What the Chinese market means for Tesla and WM Motor

Leading global electric vehicle (EV) maker Tesla Inc. received permission in mid-November to begin mass production at its Shanghai Gigafactory, allowing Tesla to sell locally-built EVs directly to its Chinese customers, the largest group of EV consumers in the world.  Tesla’s fast entry to the Chinese market is strategic because of the huge opportunity that the Chinese market represents. 

China’s EV market: A vast “blue ocean”

According to a report by the Chinese Auto Association, China’s 2019 EV sales reached more than 1.04  million by November, still remaining as the biggest EV market in the world. During this same period, the Chinese government implemented a series of policies designed to promote sustainable and high-tech development of the EV industry.

On December  3, China’s Ministry of Industry and Information Technology (MIIT) released an EV industry development plan for 2021-2035. The plan announced that the EV share of newly sold cars would rise to 25% by 2025. This ambitious growth goal indicates the Chinese government’s determination to develop a robust, homegrown EV industry. 

Along with the central government, local government action has also been crucial to the development of China’s EV industry.  Last December, the Beijing municipal government implemented a plan to accelerate the replacement of gasoline-powered taxis with electrically-powered ones, with the goal of reaching 400,000 total EV taxis by the year 2020. Other provinces and cities, such as Guangdong and Yunnan provinces in the south and Taiyuan city in the north,  introduced similar policies to upgrade online ride-hailing vehicles and taxis to EVs this year. Shenzhen, as one of the cities leading on the introduction of EVs, has already achieved a completely-electrified public transportation system, and is on track to convert all of its taxis EVs by 2020.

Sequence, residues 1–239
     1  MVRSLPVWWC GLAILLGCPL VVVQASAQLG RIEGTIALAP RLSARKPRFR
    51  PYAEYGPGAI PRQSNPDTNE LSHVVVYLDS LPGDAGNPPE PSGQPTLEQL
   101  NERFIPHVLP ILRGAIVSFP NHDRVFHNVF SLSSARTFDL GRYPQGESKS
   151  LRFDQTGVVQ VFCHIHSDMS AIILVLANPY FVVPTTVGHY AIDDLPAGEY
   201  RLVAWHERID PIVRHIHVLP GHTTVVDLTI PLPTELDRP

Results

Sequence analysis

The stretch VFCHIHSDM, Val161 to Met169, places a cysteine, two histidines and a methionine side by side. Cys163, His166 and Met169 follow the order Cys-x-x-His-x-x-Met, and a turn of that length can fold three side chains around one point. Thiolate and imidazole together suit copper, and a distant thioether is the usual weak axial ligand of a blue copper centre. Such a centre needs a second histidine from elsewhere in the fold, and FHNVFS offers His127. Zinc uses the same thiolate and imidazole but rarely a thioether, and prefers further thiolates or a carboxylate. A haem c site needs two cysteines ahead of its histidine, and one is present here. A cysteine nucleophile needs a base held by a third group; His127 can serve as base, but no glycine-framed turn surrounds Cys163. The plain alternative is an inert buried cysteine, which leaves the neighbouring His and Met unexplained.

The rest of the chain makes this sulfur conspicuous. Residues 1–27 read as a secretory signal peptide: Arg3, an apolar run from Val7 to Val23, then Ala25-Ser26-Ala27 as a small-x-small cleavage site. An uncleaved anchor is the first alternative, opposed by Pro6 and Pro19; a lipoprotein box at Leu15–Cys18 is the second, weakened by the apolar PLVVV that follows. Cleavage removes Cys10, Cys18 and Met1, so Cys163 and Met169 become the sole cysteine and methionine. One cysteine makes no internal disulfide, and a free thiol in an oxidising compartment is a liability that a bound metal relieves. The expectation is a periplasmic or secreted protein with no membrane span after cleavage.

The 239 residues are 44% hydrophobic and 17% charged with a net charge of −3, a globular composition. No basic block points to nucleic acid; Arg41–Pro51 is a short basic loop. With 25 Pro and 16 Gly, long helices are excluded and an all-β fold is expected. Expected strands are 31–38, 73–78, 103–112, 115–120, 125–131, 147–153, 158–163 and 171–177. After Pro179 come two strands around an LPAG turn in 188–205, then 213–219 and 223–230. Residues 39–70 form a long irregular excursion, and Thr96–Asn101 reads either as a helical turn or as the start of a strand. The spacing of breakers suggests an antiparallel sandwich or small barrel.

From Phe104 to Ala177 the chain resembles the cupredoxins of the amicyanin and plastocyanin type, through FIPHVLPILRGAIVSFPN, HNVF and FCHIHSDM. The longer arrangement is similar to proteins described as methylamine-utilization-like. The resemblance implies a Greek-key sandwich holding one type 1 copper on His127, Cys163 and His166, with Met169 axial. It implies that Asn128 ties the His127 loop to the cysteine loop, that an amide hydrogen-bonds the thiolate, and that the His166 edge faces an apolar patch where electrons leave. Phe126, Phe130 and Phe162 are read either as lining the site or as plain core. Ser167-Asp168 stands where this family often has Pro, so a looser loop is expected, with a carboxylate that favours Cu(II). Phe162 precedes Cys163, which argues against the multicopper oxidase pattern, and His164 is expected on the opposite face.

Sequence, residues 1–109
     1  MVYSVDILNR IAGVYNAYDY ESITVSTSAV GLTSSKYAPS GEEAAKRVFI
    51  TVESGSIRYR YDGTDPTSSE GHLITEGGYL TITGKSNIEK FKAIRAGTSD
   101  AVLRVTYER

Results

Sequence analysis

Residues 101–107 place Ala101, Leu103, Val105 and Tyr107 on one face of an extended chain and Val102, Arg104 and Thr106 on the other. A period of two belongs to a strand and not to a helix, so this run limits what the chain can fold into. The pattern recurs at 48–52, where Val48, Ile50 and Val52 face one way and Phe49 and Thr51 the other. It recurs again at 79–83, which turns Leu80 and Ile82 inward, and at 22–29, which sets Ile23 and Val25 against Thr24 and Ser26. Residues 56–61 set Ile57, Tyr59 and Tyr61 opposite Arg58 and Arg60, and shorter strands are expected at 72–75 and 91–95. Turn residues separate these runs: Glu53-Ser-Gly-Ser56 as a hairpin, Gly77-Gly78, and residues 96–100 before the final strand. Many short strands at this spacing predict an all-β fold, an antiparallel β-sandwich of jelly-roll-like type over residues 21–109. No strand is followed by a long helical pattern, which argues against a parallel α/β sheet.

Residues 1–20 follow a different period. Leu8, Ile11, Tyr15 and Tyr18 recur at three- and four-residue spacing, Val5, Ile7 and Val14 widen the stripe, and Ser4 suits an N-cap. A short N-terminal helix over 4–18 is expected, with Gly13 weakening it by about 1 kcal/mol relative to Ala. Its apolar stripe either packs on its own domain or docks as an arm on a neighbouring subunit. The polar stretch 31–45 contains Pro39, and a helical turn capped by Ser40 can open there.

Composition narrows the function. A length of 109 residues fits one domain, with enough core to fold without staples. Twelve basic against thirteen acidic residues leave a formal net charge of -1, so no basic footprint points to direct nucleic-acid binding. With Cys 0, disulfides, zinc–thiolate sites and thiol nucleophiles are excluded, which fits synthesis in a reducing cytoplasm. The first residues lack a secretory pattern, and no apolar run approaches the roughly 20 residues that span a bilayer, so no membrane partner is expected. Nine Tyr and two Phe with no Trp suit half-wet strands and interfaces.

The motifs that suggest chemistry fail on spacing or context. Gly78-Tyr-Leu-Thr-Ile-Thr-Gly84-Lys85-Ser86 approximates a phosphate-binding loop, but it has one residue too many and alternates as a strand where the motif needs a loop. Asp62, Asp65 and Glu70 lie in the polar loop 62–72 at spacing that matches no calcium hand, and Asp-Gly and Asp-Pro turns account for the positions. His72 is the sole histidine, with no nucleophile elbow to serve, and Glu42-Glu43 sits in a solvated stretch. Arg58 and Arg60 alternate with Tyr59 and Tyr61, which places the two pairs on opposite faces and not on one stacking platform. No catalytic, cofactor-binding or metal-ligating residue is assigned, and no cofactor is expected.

Photos from Baidu Images

Tesla’s approach

Tesla has its eyes not only on the Chinese market, but also on the well-developed EV industrial chain. It reportedly took Tesla’s Shanghai Gigafactory 168 working days, or roughly 6 months, to go from the first step of obtaining permits to starting production.  The public saw this rapid expansion as a prime example of Silicon Valley’s innovation combined with China’s manufacturing capabilities and speed. Elon Musk even predicted that Shanghai Gigafactory was prepared to produce roughly 1000 EVs per week by the end of this year. To foster faster R&D and innovation, Tesla China built the first domestic technology innovation center in Beijing, which reportedly focuses on R&D for EVs as well as spare parts, batteries, energy storage equipment and information technology.